More than Just “New”
Innovation: Merriam Webster’s dictionary defines it as “A new idea, device, or method; the act or process of introducing new ideas, devices, or methods”—not surprisingly, since it’s related to the Latin word “novus,” which means “new.” But more precisely, it derives from the Latin “innovare,” which means “to renew or change.” And that’s an important distinction, because innovation doesn’t always mean creating something entirely new. Just as often it’s about transformation—looking at something with fresh eyes, seeing the opportunity in it, and evolving it in that direction. So at Merial today, we have a specific definition of "innovation": creating value from an idea that is new to you!
We do that all the time at Merial—for example, putting a drug into an easier-to-use format, making a vaccine more potent while maintaining its safety, or finding a more efficient way to manufacture a product. Innovation has been a guiding principle at the company since our earliest days, but recently we’ve started exploring ways of incorporating it more formally into our working processes. Can innovation be taught? We believe so. And is it only the domain of scientists and product developers? Absolutely not! Our latest company-wide training initiative is proving all this, and more.
Taking a Chance on Change
The foundation of our initiative is a program called Managing Innovation™ by the global leadership training and development company Barnes & Conti Associates1. The core of the program is the “Innovation Journey, ” a structured process for moving from ideation to implementation through five phases: Searching, Exploring, Committing, Realizing, and Optimizing. Using real-world examples and hands-on approaches, the program teaches practical techniques and tools for generating innovation in the workplace.
One of the leaders in our Industrial Operations group, had attended the program and become a certified facilitator. Looking at his own work environment, he thought, “Why not?”—and started applying the principles and practices he’d learned with his team members. He saw firsthand the way it helped break down the barriers and fears that can leave people stuck in old ways of working, freeing them to think big and take chances on interesting if unproven ideas. Inspired by these results, he spearheaded an effort to train more leaders and managers throughout Merial in the Managing Innovation approach.
Dare. Dare to create value. Dare not to ask permission first…. Just dare to do something, and demonstrate [value]Olivier Lecointre, Merial Industrial Operations, Change & Innovation Management
Teaching Innovation: from Brainstorm to Prototype
Merial’s training session is spread over two days. Day one is all about freedom and brainstorming. Participants are presented with challenges to tackle and encouraged to open up and express any and all ideas—nothing is too big, too crazy, too risky to throw on the table. Egos are set aside. Judgment is deferred. The only thing that’s challenged is the status quo. People bounce thoughts off one another, and a think-tank-like environment starts to form. The energy is almost tangible—you can actually see people’s body language change as they’re freed from the constraints of restrictive, day-to-day thinking. “It’s like a breath of fresh air,” many employees have observed.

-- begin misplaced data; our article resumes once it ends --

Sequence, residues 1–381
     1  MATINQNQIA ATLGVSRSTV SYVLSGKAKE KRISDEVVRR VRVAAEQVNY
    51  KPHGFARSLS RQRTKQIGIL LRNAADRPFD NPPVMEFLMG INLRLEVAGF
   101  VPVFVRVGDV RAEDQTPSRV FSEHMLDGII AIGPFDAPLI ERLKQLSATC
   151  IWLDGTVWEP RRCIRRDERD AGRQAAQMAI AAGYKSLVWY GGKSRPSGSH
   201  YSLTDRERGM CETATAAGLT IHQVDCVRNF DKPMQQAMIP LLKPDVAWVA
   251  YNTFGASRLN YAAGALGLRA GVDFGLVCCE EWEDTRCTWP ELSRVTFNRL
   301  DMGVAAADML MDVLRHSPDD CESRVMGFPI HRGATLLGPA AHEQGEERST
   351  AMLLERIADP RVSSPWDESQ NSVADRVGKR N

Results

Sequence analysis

Day two starts to rein in the “chaos, ” by harnessing the power of collective intelligence—that “meeting of the minds” that’s possible when a roomful of people set aside their individual egos and stakes and unite toward a common goal. There’s a strong emphasis on decision-making skills: how to scrutinize a mass of ideas, narrow them down, and refine them into viable possibilities. Trainees start learning how to set aside common fears—such as uncertainty, risk aversion, and worries of regret—and simply see where ideas might lead. Perhaps most importantly, the two-day training introduces participants to actionable tools and methodologies that they can replicate in the workplace.
Establishing an Ongoing Think Tank
The problem with so many workplace training programs is that, exciting or inspiring as they may be, once they’re over it’s so easy to go back to “business as usual.” Olivier Lecointre was determined not to see this happen; there had to be a way to maintain that Managing Innovation energy in a permanent, ongoing way. And thus was born the idea for the Merial Innovators’ Network: a series of regular workshops for graduates of the training program to continue flexing their “innovation muscles” by tackling real, everyday challenges contributed by colleagues throughout the company.
Since its kick-off in 2013, our Innovators’ Network has moved dozens of ideas—from technical and scientific to managerial and financial—into real, value-based changes at Merial. With more of our people completing the training and joining the Network, we expect many more great innovations in the years to come.
See a conversation between Olivier Lecointre, Merial’s champion for the Managing Innovation initiative, and Kim Barnes, CEO of Barnes & Conti Associates.
1. Managing Innovation: Driving Ideas from Strategic Initiative to Value Creation is a copyrighted program of Barnes & Conti Associates and David Francies, Ph.D.